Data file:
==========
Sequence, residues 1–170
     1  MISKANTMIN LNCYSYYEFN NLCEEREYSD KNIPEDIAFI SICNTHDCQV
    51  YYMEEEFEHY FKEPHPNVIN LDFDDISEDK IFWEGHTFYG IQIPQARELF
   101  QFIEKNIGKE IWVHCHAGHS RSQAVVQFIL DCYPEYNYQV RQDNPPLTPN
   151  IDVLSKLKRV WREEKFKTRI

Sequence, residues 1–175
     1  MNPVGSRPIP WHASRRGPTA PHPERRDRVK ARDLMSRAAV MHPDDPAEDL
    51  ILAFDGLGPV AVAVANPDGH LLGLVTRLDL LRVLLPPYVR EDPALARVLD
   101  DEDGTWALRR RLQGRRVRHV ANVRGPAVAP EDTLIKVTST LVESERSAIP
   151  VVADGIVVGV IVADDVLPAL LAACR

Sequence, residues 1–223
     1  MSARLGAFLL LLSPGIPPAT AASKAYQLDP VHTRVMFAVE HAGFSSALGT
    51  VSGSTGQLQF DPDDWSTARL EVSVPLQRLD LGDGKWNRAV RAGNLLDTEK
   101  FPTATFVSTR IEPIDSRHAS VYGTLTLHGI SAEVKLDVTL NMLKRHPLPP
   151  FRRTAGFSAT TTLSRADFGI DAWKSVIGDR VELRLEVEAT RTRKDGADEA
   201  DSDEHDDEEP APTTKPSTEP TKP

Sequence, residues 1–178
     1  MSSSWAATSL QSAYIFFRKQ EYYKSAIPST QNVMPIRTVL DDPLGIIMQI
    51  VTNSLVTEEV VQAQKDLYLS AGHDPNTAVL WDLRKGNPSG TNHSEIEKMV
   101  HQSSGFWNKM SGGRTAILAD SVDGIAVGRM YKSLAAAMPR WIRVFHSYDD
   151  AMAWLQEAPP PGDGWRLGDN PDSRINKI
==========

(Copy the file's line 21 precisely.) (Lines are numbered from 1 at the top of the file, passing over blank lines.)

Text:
   151  AMAWLQEAPP PGDGWRLGDN PDSRINKI